Central America’s Prostitution Epidemic
She says her name is Esther. She wears white shoes. Her long, dark hair hangs over her shoulders, but she doesn’t show her face, doesn’t give her real name, because she still walks with fear. Fear of the men who enslaved her, forced her into prostitution. Fear that somehow, despite her freedom, she will have to repeat what seemed like endless perdition.
Under the dim lights at the David H. Koch theater in New York City, and with her back to the audience at the Women in the World Summit on Friday, Esther told her story to Newsweek & The Daily Beast’s Christopher Dickey.
“Let me warn you,” Dickey said as he led the panel discussion on sex trafficking and the treatment of women in Latin America. “This is going to be a descent into hell.”
Across Central America, there are tens of thousands of women like Esther, who are brutalized and forced into sex slavery. Some face a worse fate: they are murdered and mutilated, treated like nothing more than scrap paper on which to send impending messages of death.
Esther was forced into prostitution at the age of 16. At the time she was living in Mexico City with her family. They were struggling financially, so when her best friend’s bother said he’d heard of a well-paying job in Monterrey, the country’s industrial capital, she jumped on it.
She had no idea what lay ahead. Soon she found that instead of being paid, she owed her new employers money. “I was obligated to pay them. Even for the airplane ticket,” she said. “I felt trapped.”
She was trapped. To pay up, they forced her to have sex for money, to do whatever they wanted. Traveling around Mexico with a number of women—Cubans, Europeans, Americans—Ester was eventually sold to members of a Mexican drug cartel and remained their sexual slave until the police raided a strip club. Her ordeal lasted five years.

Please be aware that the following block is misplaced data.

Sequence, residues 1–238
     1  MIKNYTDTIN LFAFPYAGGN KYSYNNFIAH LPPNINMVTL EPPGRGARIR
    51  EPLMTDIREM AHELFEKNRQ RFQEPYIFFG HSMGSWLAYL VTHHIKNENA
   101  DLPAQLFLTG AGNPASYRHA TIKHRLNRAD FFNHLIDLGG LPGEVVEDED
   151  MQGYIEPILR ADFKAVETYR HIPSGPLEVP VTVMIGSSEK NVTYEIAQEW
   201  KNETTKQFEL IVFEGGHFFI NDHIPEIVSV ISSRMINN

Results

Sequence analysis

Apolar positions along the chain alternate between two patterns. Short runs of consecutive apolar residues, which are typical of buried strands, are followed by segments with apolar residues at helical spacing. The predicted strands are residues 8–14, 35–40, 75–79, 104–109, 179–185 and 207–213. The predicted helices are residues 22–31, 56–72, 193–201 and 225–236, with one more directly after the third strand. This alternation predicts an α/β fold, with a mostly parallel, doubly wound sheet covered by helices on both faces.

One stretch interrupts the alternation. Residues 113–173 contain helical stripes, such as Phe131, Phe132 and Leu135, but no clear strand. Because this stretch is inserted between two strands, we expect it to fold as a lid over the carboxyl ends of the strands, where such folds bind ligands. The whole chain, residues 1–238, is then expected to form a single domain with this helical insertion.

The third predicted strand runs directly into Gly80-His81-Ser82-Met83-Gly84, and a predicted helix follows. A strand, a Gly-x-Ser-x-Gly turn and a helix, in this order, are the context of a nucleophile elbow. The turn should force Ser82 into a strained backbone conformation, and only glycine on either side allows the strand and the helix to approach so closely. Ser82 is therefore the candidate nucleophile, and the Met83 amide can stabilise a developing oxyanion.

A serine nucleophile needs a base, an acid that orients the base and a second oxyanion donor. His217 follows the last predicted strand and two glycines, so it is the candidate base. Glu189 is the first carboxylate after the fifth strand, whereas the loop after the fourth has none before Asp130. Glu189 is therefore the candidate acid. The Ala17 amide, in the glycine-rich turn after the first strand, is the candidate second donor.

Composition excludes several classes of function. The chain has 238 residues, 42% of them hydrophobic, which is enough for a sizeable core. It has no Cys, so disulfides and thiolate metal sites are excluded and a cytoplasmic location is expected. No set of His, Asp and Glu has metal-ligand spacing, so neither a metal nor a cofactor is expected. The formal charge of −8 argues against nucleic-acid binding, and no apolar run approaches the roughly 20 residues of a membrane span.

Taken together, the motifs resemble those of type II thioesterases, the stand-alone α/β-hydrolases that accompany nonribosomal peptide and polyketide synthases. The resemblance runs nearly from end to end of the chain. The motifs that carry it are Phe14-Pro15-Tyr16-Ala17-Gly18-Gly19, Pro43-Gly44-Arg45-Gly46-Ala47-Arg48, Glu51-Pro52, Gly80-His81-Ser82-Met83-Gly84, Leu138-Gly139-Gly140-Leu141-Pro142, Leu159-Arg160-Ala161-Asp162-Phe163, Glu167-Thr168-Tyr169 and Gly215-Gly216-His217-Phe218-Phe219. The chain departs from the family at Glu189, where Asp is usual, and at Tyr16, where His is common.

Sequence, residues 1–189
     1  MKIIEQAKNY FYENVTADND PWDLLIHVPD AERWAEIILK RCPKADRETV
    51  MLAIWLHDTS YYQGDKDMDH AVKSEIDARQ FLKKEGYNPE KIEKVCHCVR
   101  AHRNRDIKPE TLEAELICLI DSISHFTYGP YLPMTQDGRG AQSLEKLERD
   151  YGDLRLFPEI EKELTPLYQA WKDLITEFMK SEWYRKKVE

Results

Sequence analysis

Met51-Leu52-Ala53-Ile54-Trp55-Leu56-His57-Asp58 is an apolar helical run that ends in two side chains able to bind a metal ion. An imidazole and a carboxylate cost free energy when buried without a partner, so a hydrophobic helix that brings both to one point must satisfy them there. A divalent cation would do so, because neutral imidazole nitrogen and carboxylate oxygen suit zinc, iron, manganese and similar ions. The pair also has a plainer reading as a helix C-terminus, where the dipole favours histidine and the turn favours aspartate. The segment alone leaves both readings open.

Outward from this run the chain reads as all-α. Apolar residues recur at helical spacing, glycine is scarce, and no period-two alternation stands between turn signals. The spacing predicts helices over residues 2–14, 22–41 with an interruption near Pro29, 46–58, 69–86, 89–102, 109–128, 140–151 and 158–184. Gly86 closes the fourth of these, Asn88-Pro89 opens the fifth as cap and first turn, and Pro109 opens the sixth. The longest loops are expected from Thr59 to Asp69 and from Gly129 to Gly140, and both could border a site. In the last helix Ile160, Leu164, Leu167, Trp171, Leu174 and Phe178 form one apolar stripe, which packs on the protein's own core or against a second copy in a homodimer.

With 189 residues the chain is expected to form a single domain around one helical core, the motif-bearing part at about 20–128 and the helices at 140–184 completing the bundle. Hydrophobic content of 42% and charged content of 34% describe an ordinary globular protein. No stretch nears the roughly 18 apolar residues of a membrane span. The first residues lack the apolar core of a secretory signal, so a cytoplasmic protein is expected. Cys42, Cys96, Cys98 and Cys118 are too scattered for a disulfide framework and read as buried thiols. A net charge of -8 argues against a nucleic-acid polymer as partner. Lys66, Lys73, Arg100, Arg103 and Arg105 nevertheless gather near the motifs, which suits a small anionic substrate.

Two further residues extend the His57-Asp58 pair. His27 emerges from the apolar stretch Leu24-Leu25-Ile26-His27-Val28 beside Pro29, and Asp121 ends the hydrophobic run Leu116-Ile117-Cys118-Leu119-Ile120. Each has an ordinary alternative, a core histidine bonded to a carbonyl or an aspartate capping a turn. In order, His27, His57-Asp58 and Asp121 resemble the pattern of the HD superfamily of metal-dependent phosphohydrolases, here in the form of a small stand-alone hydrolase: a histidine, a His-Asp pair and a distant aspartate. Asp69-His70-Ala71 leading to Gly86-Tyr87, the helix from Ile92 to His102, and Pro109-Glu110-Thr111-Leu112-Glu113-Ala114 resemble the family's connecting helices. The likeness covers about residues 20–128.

When she was finally rescued, Esther felt relieved. But when her sister and sister-in-law came to get her, she also felt tremendous shame; she was still dressed like a prostitute.
“They [the police] think when someone’s a prostitute it’s because they want to be a prostitute,” she said. “What I really would have wanted is for someone to have given me a bag to throw over my body. I was dressed in a way that was so inappropriate for me and my family.”
Part of the problem in Mexico is that a proper legal framework doesn’t exist to punish the pimps, Mexican congresswoman Rosi Orozco told the audience. In fact, in the Mexican state of Tlaxcala, in the country’s center, a culture of pimping has developed, unadulterated, for generations. It has become an industry, Orozco said.
“Until three or four years ago, virtually nobody was in jail for trafficking women,” said Dickey, the former Central American Bureau Chief for the Washington Post. Now, however, Orozco and others are pushing for a law that would “punish the chain of exploitation” from top to bottom, the congresswoman said.
Among the most vulnerable women in this chain of violence and brutality: Migrants. And not just from Mexico.
As the actor Gael García Bernal told the panel, some of the most gruesome killings have been against Central American women who are hoping to get to Mexico and later the U.S.
But even for those who wish to remain in their home countries, the violence is pervasive. More than 7,000 women, for instance, have been murdered in Guatemala over the past decade, according to Sylvia Gereda, an editor and investigative reporter in Guatemala. “Around 49 [women] are killed every month,” she said.
Of course, violence against men in Central America is also a major problem. Yet the difference between how men and women are killed speaks volumes about the way the latter are viewed and the culture of misogyny that has developed. “I have seen many times women thrown away in pieces right next to roads or rivers,” she said. “They rape her then, they torture her. They cut off her arms and fingers and legs.” In some cases, the heads and other body parts of women have been used—like paper—to send messages of extortion.
This brutality did not develop in a vacuum, said Gereda. In Guatemala, a country that was ravaged by decades of civil war, the military and rebels both used rape as a weapon during the conflict. Many of those practices persist, only now they are being employed by drug cartels and gangs, as well as by ordinary husbands.
“This is a terrible kind of terrorism,” Dickey said. “It can only exist in a society where women are treated as less than women.”
As Esther knows, it can only exist in hell.